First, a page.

The 2015 Peace Charlie Winning Essay
The Peace Charlie Essay competition has been a great success. The four members of the Selection Committee unanimously chose the winning essay based on the thoughtful and insightful expressions on living with bipolar disorder. All of the applicants experiences and triumphs in coping with bipolar disorder were truly inspiring. The Selection Committee wish all who applied continued success in managing their bipolar disorder, as well as reaching their academic goals.
I imagine bipolar disorder being like the ocean tide, like cycling waves. When the tide is low, the shore will be extremely vulnerable to the glistening sun. The beams beat down and down, evaporating the water below. The marine life will shrivel up, weak and exhausted. Other times when the tide is high, the chaotic current will be so strong it seems almost impossible to swim. The water is deep, dark and daunting.
There was a point in my life where the tide was so high, low and everything in between, that I surrendered and started drowning. I used negative, self-destructive coping skills. I was misdiagnosed and put on antidepressants. They made the bad, worse. They made me feel crazy. I went in and out of multiple treatment centers, rehabs, and mental hospitals. Later on, a new physiatrist informed me that I had bipolar 2. When I first received this diagnosis I wasn’t surprised. I was relieved that I could take medication that brought me to balance.
However, the honeymoon phase of relief soon ended. I was mad. I did not want to be defined by this illness. To gain confidence I thought of it like this. When I introduce myself to someone, I don’t say “Hi, I’m bipolar.” I say “Hi, I’m Cara.” Yes, bipolar disorder is a piece of me, but it is not my name.
I have told most of my friends and family. They’re pretty respectful and aware that bipolar is a sensitive subject for me. I disliked a few responses though. If I have a bad day some people assume it’s bipolar that’s making it bad. Sometimes it is. Sometimes it isn’t. Regardless, I have problems just like whoever is assuming does. Not every difficult human experience can be justified with a pill. Maybe I struggled academically or socially that day. Maybe bipolar was not to blame. It’s not an excuse always. I am hesitant to tell people because I don’t want a pity party. I don’t want to be ostracized.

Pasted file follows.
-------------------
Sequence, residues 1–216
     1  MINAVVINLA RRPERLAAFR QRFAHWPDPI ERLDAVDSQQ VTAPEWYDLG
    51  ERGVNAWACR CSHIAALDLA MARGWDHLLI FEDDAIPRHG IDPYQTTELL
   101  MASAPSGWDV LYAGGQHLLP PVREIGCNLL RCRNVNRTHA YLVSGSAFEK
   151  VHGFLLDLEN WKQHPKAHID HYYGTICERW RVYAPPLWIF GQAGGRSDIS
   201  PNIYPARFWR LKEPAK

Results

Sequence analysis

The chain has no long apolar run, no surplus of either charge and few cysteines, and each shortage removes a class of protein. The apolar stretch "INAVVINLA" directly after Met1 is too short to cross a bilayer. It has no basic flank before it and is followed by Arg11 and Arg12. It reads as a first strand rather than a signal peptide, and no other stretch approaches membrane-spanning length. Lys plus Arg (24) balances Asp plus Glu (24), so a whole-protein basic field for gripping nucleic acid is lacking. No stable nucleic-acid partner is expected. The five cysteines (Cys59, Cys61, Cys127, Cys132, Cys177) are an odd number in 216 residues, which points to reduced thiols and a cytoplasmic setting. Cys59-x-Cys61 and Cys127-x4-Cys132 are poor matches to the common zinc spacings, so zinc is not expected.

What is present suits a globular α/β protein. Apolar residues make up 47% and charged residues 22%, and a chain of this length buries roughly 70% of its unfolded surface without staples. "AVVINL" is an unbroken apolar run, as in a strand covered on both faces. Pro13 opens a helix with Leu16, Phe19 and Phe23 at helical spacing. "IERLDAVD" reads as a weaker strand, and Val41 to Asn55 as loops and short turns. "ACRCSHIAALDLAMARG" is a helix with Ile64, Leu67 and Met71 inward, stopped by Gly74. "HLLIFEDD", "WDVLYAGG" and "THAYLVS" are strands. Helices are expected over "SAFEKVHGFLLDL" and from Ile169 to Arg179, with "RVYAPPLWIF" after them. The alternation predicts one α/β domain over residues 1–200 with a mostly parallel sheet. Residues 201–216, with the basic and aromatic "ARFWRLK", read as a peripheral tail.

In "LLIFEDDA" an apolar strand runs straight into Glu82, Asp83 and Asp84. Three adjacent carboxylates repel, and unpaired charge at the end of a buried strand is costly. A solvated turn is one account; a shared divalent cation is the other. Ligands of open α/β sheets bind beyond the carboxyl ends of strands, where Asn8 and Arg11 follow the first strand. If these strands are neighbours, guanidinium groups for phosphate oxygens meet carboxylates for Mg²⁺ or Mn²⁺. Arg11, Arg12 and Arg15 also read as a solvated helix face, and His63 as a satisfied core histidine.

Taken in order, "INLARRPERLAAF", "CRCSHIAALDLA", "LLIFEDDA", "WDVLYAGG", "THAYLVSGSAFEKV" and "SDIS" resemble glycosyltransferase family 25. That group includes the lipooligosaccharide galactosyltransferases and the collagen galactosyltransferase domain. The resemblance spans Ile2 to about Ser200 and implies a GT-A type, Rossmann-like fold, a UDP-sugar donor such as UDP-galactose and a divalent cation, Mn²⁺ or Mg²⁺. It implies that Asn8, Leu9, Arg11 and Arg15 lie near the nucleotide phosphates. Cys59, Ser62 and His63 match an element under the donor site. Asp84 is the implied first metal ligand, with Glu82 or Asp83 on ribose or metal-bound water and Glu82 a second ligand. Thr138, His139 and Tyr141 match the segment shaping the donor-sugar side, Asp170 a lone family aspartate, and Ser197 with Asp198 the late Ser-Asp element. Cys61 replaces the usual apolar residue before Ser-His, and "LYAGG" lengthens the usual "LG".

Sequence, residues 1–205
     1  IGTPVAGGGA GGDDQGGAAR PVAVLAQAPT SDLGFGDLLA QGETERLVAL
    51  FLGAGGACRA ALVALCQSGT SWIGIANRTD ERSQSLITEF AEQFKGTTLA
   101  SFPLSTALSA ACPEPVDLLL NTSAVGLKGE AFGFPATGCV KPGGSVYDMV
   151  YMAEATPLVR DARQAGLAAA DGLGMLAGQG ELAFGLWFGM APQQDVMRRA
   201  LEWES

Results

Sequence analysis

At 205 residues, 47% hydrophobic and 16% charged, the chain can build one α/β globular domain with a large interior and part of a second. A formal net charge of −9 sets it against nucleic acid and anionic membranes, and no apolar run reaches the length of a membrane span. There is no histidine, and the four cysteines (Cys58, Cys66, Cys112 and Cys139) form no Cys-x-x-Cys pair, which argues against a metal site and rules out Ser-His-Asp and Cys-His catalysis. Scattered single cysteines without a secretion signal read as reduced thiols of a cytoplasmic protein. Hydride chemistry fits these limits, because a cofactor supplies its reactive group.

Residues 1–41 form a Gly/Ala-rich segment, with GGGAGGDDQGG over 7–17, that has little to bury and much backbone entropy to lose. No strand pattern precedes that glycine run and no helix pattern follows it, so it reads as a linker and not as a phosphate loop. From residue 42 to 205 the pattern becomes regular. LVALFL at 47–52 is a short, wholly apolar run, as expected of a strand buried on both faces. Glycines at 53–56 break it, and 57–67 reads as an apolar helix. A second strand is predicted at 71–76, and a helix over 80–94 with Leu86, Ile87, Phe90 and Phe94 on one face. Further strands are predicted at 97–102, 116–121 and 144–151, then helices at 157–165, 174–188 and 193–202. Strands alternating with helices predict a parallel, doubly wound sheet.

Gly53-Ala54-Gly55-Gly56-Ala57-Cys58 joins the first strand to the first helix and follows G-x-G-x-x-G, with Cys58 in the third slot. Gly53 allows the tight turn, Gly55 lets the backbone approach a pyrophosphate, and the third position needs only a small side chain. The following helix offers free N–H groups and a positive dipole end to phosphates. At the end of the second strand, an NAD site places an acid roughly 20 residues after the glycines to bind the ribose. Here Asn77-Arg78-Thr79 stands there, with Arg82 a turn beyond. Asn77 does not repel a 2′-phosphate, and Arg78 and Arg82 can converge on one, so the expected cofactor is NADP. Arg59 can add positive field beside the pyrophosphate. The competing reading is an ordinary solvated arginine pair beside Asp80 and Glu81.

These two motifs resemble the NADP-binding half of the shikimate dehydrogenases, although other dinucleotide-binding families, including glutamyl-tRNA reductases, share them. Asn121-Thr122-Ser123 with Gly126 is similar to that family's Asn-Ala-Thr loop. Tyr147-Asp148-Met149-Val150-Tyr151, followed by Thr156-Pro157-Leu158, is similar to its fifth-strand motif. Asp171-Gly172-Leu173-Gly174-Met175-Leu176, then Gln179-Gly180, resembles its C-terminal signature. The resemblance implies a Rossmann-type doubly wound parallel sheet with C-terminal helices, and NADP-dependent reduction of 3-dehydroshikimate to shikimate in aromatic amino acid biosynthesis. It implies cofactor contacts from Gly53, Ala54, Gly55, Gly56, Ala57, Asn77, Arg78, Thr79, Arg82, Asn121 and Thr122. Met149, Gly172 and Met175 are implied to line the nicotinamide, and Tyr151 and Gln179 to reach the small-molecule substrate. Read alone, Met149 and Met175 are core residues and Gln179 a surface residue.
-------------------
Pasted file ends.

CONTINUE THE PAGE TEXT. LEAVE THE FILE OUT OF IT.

If a boy broke his leg all the kids would sign his cast. On the other hand, if a boy had bipolar disorder and metaphorically wore a “cast” around his brain, those kids would snicker and stare. Mental illnesses shouldn’t be looked upon as a burden. If society could empathize and not shame, then it would be easier to ask for help.
There is a therapeutic DBT skill called “ride the wave.” When the tides are rapidly shifting I accept them. I try not to bottle up how I feel. Mother Nature is the only one who can truly control the wave patterns on earth. That’s why I take it a day by day, and ride the wave.
By Cara from Colorado